After leaning over on his side, Boyd joked, “I don’t want your man, Burdlit, to get jealous.”
With a shrug and a bit of a labored smile, Janette mentioned, “That was not quite what I had in mind.” She, too, had to be careful not to lose sight of her own mission by becoming in any way attracted to the intruder who, for all intents and purposes, was still the opponent.
“Come on,” Boyd urged, “level with me. What’s the deal with the deal with the Carriveaua and the Deew anyway? You’re trying not to believe me, but I’m sure that a part of you knows that I really do want to help.”
“It’s a part of you that I’m hoping to leverage,” Janette admitted openly.
Not surprised because they had almost fallen into an impromptu tryst in the middle of the elevator floor, Boyd questioned, “To what ends,” in earnest. To get the information which he ultimately sought, the Enforcer needed to remain open-minded here and allow his target to guide his thought processes.
The answer would come in the form of a clarification, so Janette stated, “It’s all about the means: A means to provide for ourselves. A means of self-sufficiency. Your Space Force is choking off our supply chain, scaring away potential avenues for trade relief, and bleeding us dry of options. The citizens of Galaxy Bloc are starving.”
“That’s kinda the point,” Boyd replied honestly – not meaning to sound cold in its delivery. “If we were soft on that, the lesson wouldn’t be hard.”
“And that’s fair,” Janette realized. “The unincorporated planets left the auspices of the Space Force, and you made that decision (to leave) be as painful as possible. With the gall of our own selfish pride being used against us rather than empowering our actions, it now complicates and exacerbates matters – making things infinitesimally worse.
We soon became desperate in seeking out other alternatives to preserving our galactic sovereignty. Faction-building isn’t easy, and as is often the case with Human nature, Humans can tend to be herded down the path of least resistance like the sheep that many of us profess to be when subordinating ourselves to Ethereal standards.”
Chiming in, Boyd picked up on a piece that he wanted to point out, “You have to see the irony of this.”
With a nod, Janette acknowledged, “Oh, I do. Galaxy Bloc left the Space Force when the going got tough, and now, when faced with a similar stream of hardships, we’re struggling to keep the unincorporated planets intact. True, this was brought upon by your faction not playing nicely with nor respecting our decision to leave, but that’s all beside the point currently. At least we knew where you stood. We were fools to believe that other factions wouldn’t be capable of doing the same (amount) if not more damage to us in a predatory sense.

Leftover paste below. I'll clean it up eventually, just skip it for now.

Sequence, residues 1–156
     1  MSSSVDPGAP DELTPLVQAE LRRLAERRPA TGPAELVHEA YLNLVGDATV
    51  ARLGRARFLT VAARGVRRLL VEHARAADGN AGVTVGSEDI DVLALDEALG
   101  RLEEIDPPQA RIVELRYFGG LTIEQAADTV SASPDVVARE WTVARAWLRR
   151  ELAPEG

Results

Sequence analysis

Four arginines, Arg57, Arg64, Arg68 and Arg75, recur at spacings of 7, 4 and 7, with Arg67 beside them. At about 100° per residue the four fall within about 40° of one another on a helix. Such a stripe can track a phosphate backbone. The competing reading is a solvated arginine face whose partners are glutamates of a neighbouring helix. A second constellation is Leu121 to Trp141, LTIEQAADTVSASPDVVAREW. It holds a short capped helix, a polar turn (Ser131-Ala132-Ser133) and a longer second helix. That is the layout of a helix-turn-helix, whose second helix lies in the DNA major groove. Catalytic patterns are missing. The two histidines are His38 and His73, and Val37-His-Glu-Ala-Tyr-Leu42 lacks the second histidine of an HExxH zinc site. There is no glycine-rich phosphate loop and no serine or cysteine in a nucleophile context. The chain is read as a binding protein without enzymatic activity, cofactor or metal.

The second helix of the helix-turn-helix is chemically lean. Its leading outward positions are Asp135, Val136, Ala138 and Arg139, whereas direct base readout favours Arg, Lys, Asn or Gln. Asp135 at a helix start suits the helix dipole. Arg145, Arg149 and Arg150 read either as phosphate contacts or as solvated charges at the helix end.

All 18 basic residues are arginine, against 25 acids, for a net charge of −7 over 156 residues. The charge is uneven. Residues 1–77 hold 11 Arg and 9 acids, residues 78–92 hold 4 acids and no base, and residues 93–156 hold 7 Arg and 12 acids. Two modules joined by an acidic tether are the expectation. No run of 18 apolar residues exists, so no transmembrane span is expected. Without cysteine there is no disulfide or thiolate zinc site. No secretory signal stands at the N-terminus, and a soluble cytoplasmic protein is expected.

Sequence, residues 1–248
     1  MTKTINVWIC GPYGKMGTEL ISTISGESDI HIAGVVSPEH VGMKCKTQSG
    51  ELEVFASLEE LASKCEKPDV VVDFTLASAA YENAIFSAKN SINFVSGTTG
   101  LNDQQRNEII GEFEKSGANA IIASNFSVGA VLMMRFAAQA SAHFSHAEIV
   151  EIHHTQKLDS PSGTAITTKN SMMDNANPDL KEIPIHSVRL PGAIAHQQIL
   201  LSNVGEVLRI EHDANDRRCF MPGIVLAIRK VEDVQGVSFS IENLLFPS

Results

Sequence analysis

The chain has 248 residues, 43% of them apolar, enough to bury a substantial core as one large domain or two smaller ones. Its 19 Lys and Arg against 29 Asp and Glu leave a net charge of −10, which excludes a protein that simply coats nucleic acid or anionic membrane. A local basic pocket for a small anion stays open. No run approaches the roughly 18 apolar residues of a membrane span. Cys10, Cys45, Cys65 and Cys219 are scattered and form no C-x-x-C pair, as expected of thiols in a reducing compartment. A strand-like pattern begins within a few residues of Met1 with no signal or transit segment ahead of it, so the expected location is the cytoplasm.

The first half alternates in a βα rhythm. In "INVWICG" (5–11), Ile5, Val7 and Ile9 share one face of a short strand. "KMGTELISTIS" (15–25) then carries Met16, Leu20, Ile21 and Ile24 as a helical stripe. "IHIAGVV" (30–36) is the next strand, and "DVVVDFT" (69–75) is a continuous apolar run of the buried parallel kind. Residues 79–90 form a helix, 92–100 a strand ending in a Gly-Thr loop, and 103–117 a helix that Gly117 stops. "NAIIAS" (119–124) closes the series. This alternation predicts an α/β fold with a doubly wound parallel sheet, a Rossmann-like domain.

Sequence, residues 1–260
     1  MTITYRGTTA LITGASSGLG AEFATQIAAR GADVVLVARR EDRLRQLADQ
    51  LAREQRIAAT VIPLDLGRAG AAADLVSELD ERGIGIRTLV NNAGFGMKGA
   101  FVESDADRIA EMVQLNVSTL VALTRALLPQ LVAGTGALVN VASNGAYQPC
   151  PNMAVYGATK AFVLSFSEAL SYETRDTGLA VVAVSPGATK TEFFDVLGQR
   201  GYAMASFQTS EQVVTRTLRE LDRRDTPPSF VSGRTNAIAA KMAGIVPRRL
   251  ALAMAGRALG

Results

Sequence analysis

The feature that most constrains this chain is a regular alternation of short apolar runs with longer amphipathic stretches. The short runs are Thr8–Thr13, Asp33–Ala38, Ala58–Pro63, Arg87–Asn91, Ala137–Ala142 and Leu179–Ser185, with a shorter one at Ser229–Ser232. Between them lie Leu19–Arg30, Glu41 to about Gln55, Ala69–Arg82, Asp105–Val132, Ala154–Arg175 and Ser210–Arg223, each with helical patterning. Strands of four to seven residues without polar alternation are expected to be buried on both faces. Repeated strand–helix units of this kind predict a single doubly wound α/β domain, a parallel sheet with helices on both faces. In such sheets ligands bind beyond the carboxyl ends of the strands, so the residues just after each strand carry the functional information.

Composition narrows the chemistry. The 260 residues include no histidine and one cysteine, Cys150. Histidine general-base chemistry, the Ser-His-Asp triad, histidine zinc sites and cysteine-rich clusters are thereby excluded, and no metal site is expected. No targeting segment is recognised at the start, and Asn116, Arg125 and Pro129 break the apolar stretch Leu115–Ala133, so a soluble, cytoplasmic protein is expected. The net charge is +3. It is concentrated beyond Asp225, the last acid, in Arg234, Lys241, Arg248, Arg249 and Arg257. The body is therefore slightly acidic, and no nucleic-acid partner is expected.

Things really hit home when the Carriveaua so graciously decided to assist us after we came into an astonishment of knowledge concerning the Deew which was powering Dio Qze in absence of the standard variety, star-based core. I’ve considered your offer of tracking the perpetrators back to them for the placement of culpability and eventual retribution, and although it’s obvious to me who the culprits are, it isn’t my greatest concern.”
“Holding Galaxy Bloc together is?” Boyd deduced.
“Correct,” Janette confirmed. “Would you subordinate yourself to the Pillorian Regime in this coming darkest hour that the New Alliance plans to bring upon the Space Force?”
Boyd took a moment to sit up. He looked Janette in the eyes and answered, “No, but we would ask the Slorgs for help. You’ve gotta do what’s best for your people at this point. I can have a spacestation outside of the planet’s orbit in an hour…”
Janette shook her head in disagreement, “No.”
“…We can round up Burdlit,” Boyd continued, “get him to talk, link the Carriveaua to Dio Qze’s realtor, and take them all down. Let me help you. This is what I do!”
“I’m surprised that you’re giving me a choice in the matter,” Janette said. “No. The answer’s no. If you are really giving me a choice, the answer needs to be no.”
Pleading, Boyd urged, “Janette, come on.”
Unflinching from her decision, Janette repeated, “The answer must be no.”
“Then tell me why,” Boyd humored the position.
“Because the Carriveaua might’ve beset us with a bushel of lemons via these Deews,” Janette alerted, “but we’re about to make flowing rivers of lemonade from them.”